Sometimes we can’t plan for it. Sometimes we have a moment’s notice. Other times it’s our most anticipated day of the year. No matter the situation, every organization has experienced a time when their digital properties could not fail—or the business impact would be devastating.

In this blog series, we’re showcasing what it meant for three of our largest customers to have a site that could not fail. We’ll highlight both business and technical preparation, continuous improvements, platform insights, and the importance of always listening to those providing feedback on the experience.

The Story

The Weather Channel’s weather.com, one of the top 20 most trafficked sites in the US, provides millions of people every day with the world's best weather forecasts, content, and data. On average, it serves 15 million page views per day to 30 million unique visitors per month. But when major weather events loom, like a hurricane or nor’easter, the site will serve up to a billion requests a week.

These requests include delivering hundreds of dynamic maps and streaming video to users in over three million forecast locations. The site has to remain stable with instantaneous page loads and 100 percent uptime, despite these bad weather traffic bumps of up to 300 percent.

The Weather Channel’s legacy platform was groaning under this pressure. It was using approximately 144 servers across three data centers to deliver more than 17,000 articles updated on a minute-by-minute basis.
So in November 2014, weather.com moved its entire website, which serves more than 20 million pages of content, to Drupal and the Acquia Platform, facilitated by the experts at Acquia partner MediaCurrent.

Within weeks, one of the nastiest winters on record began moving into the Midwest and Northeastern part of the US. Prodigious web traffic followed.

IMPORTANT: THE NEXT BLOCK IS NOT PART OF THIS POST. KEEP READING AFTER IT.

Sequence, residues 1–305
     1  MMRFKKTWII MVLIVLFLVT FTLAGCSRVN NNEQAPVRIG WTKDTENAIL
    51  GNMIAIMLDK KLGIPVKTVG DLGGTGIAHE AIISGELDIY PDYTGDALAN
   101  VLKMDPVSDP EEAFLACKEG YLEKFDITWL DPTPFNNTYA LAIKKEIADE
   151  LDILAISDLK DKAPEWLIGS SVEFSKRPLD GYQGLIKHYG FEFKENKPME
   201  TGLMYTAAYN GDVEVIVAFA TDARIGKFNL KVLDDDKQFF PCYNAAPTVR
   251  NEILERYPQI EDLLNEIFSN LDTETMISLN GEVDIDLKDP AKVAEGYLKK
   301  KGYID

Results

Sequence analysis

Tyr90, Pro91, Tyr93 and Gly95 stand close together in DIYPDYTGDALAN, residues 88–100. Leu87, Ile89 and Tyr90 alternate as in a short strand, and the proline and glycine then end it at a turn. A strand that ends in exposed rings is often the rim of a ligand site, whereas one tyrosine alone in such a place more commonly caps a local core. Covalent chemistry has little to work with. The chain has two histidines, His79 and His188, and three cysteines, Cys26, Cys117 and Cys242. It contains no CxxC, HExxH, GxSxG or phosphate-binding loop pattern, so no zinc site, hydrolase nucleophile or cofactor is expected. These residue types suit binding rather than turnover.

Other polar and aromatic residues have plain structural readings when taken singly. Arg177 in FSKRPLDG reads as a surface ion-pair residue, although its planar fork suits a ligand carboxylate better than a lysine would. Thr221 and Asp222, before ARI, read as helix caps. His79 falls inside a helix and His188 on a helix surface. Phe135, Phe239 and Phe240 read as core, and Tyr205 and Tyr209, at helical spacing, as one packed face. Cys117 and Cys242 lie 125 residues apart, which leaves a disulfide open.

The new site, now the busiest Drupal site in the world, never buckled. In fact, it thrived, delivering faster, more efficiently cached pages to customers.

“weather.com is thinking ahead to a future where up-to-the-minute weather information requires an open delivery platform that adapts to fast changes in technology,” Tom Erickson, CEO, Acquia, said at the time. “The Weather Channel is leading the transformation of how we interact with weather news; people expect accurate weather forecasts on-demand, and they want to be alerted to events that may impact their life, work, travel, and leisure. weather.com is gaining the agility to deliver on customers’ increasing expectations. It’s leading the charge with contextual weather insight that anticipates every user’s needs.”

A recent global survey of more than 500 businesses for the Reducing Customer Struggle report found that companies are losing nearly a quarter of their annual online revenue due to a bad website experience. That’s billions of dollars lost and customers who won’t come back because of a digital experience that left a bad impression.

Whether you’re a weather site watching traffic rise with the barometric pressure, an enterprise facing transformation in an industry where digital transformation is lacking, or a smaller brand on the cusp of breaking into a new market, your digital presence can’t fail.

Dave Terry, co-founder and partner of client services at Mediacurrent, said, “Acquia opens up all kinds of opportunities for weather.com. The site relies heavily on the ability to quickly create and distribute massive amounts of content, and with Drupal, weather.com gains editorial agility and the ability to innovate and bring the latest applications and features to the user experience.”